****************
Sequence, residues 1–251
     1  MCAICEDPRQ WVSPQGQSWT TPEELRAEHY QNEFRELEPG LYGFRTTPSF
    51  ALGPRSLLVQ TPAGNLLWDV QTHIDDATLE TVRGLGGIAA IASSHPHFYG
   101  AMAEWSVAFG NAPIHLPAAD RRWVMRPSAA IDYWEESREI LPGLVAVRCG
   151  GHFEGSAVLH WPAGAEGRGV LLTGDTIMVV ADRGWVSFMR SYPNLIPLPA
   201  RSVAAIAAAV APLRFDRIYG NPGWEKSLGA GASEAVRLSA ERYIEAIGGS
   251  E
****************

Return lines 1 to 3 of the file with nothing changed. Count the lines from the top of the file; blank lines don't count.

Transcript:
Sequence, residues 1–251
     1  MCAICEDPRQ WVSPQGQSWT TPEELRAEHY QNEFRELEPG LYGFRTTPSF
    51  ALGPRSLLVQ TPAGNLLWDV QTHIDDATLE TVRGLGGIAA IASSHPHFYG